The Review adds: “Criminal defendants who could convince a jury that they killed in defense of the sanctity of their home, and the virtue of their women, were almost certain to be acquitted.” (But the vice was not versa: The unwritten law seldom protected a wife who killed her husband’s lover.)
The unwritten law was used as a “get out of jail free” card for homicide mostly from the mid-nineteenth century to the mid-twentieth century. The unwritten law may not have been codified, but as a defense it could be as effective as any written law. For example, in addition to W. A. Jobe, these murder defendants invoked the unwritten law:
In 1912 during the byzantine Sneed-Boyce feud John Beal Sneed walked into the lobby of Fort Worth’s Metropolitan Hotel and shot to death cattleman A. G. Boyce Sr. as Boyce sat in a chair. Sneed later killed A. G. Boyce Jr. on a sidewalk in Amarillo. Sneed accused father and son of conspiring to take his wife from him. Sneed’s defense in court was, in part, the unwritten law.
He was acquitted both times.
In 1915 Fort Worth lawyer and aggrieved father Dee Estes pleaded the unwritten law after he killed a man who had been arrested for molesting Estes’s daughter. Estes shot and killed the suspect, who was in custody at the jail at the time as police officers looked on! Estes was acquitted.
In 1917 Reverend C. C. Reneau, jealous of one-legged W. N. Shaw’s attentions to Mrs. Reneau, fired his gun through a bedroom window and killed Shaw as Shaw sat alone in his room buckling on his artificial leg. Reneau pleaded the unwritten law and was no-billed by a grand jury.
Accordingly, Will Jobe’s defense team, to prepare for his trial for murder, selected jurors with the unwritten law in mind, asking jurors: “Do you believe in the law that gives a man the right to protect his home?”
While free on bond and awaiting trial, Will Jobe was accidentally gassed while working at a munitions plant.
When Jobe’s trial began, the witness stand became a ducking stool, a public humiliation for husband and wife alike. Mrs. Jobe was confronted by witnesses produced by the defense who told “the story of her transgressions—the life she had led with the man who her husband killed.”
For example, Mrs. D. F. Finley of 821 Florence Street testified that two weeks before the killing, Tom Finch and Mrs. Jobe rented a room from her and occupied it and that Will Jobe was aware of that fact.
Such testimony forced Will Jobe’s wife to change her tune—from the “Wedding March” to “Runaround Sue.”
When asked by Assistant County Attorney Parker why she had previously stated that Finch was an “innocent man” and that she had never been intimate with him, Mrs. Jobe broke down and cried.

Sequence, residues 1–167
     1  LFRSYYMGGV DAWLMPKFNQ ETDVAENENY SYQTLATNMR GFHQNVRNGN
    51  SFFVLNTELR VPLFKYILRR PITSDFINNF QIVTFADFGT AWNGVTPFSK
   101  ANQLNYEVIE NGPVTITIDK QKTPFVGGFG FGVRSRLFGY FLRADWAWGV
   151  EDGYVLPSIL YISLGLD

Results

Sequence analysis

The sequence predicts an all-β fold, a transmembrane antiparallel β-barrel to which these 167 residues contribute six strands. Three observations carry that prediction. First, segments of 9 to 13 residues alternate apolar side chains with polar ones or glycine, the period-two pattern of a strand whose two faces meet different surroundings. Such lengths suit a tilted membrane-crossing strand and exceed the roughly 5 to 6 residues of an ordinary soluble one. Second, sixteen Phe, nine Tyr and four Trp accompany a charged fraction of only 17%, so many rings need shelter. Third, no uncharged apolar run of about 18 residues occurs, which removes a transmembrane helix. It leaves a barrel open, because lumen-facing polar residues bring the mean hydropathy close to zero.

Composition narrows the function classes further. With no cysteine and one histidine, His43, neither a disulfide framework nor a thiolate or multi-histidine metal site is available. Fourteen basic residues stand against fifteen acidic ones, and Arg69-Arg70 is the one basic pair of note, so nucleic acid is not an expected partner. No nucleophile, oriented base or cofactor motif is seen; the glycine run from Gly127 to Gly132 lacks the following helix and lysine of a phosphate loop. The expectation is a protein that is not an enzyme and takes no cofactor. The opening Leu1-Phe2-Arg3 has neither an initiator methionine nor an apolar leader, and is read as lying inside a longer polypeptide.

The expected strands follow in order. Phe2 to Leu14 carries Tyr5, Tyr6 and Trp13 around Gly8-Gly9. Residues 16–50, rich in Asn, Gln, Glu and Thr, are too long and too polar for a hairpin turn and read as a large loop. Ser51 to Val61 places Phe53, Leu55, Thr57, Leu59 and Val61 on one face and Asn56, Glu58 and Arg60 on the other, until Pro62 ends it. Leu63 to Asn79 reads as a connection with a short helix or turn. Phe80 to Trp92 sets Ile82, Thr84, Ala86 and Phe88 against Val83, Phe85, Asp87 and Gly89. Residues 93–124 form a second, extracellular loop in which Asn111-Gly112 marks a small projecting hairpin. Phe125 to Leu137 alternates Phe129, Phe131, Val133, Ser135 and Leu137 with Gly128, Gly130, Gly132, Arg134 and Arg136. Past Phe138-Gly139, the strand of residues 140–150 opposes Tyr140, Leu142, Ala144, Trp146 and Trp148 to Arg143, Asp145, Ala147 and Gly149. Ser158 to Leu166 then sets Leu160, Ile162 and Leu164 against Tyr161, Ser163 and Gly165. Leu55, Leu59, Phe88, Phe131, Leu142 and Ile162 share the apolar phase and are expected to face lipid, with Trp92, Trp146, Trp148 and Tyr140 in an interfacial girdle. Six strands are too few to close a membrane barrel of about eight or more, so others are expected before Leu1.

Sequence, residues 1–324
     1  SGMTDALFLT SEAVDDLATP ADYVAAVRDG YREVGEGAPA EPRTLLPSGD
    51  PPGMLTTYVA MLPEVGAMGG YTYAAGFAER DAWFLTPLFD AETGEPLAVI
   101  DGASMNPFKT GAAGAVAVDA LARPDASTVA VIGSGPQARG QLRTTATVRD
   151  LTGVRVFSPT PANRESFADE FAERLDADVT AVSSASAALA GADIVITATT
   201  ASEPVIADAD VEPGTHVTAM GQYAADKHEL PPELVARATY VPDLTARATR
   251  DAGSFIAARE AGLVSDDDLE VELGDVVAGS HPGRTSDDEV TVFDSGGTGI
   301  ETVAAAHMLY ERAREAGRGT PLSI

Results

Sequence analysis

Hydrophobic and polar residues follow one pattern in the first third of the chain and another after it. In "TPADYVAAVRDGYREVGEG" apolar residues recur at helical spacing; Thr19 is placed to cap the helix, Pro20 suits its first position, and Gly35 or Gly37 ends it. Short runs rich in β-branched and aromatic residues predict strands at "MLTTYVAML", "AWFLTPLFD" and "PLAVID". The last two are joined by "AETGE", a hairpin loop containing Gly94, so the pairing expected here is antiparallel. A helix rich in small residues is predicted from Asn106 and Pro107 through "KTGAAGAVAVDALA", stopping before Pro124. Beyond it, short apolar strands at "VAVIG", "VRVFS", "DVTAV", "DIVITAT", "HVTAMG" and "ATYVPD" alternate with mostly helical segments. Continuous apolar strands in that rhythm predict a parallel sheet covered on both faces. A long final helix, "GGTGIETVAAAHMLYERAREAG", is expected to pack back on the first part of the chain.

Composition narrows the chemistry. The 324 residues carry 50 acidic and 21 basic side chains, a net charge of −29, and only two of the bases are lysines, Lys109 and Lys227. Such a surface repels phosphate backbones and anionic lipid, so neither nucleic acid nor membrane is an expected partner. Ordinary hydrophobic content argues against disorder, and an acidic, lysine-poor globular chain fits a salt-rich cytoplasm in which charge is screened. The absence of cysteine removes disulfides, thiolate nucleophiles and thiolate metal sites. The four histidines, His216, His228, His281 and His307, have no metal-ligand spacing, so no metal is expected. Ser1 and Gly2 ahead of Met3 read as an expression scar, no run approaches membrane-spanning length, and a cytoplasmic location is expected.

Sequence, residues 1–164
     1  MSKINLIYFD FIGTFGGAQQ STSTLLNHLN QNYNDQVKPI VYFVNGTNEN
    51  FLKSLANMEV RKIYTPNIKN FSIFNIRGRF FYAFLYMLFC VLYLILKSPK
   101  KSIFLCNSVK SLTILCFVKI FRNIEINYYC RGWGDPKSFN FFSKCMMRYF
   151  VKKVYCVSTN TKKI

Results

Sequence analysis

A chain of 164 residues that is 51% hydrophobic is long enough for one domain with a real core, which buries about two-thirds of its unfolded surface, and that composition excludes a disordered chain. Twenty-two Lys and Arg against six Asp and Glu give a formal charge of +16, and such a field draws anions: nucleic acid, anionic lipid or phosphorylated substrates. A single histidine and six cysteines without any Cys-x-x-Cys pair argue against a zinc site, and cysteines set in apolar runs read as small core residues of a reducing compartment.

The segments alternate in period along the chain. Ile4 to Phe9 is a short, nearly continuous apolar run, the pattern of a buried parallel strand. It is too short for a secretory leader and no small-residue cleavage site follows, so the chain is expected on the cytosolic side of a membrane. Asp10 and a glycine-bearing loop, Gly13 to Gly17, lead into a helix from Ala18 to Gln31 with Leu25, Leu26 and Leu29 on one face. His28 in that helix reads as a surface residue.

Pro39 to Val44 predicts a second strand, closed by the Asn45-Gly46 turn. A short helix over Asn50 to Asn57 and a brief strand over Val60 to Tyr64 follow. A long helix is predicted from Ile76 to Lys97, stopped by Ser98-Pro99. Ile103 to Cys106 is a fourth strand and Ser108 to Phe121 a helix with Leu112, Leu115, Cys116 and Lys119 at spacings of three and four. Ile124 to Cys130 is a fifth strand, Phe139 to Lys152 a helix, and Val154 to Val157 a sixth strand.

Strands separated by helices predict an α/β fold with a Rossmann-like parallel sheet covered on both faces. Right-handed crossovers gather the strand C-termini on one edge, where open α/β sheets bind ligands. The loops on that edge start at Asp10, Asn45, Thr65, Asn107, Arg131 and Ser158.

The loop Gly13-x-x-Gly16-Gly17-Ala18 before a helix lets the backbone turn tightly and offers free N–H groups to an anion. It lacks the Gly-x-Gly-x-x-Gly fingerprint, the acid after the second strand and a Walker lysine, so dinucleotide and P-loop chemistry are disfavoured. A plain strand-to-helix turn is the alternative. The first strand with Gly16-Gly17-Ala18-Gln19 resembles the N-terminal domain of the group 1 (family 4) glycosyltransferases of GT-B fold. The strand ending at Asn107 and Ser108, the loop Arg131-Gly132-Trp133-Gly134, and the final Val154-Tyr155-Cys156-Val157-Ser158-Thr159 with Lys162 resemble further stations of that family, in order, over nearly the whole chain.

“I did not want to say anything that would reflect on him,” she said between sobs, “and I didn’t want people to know I had done that way.”
(Also representing the state was Assistant County Attorney Fritz G. Lanham, for whom the federal building is named.)
Mrs. Jobe testified that she had first met Tom Finch on a North Side streetcar and later went to a movie with him. She said that she later accompanied him to a room twice.
“Your husband knew of your relations with Finch?” asked defense attorney Frank Graves.
“Yes, sir,” she replied. “We were quarreling the night before the killing. He accused me of being with Mr. Finch. I told him I had and would be with him again.”
On the day of the killing Mrs. Jobe said she was starting to go downtown when her husband asked her where she was going. She said that she told him that she “didn’t know that it was anybody’s business.”
On cross-examination she admitted that she had sent word to Finch “that he looked good to me” and that she wanted to meet him.
“We met by accident,” Mrs. Jobe testified when asked how it was that Finch and she were together on the day of the shooting.
“We talked about five or ten minutes,” she continued, “and he wanted me to go to a room.”
“Had you agreed to go?”
She said that she knew that Finch was a husband and a father.
Several witnesses called by the defense refused to testify that Tom Finch had a bad reputation or that he “was bad on women.” Among them were W. H. Brown, mayor of Niles City, and Will Atherton, Niles City patrolman. (In 1922 Will Atherton would be charged—but later no-billed—in the lynching of Fred D. Rouse.)
That’s a gut-wrenching strategy for a defendant to use: His wife’s testimony that she was unfaithful to him with the man he killed provides the defendant with a defense under the unwritten law.
But the strategy worked. Will Jobe was given a five-year suspended sentence and returned to work at the munitions plant.
Fourteen months later Mrs. Jobe filed for divorce.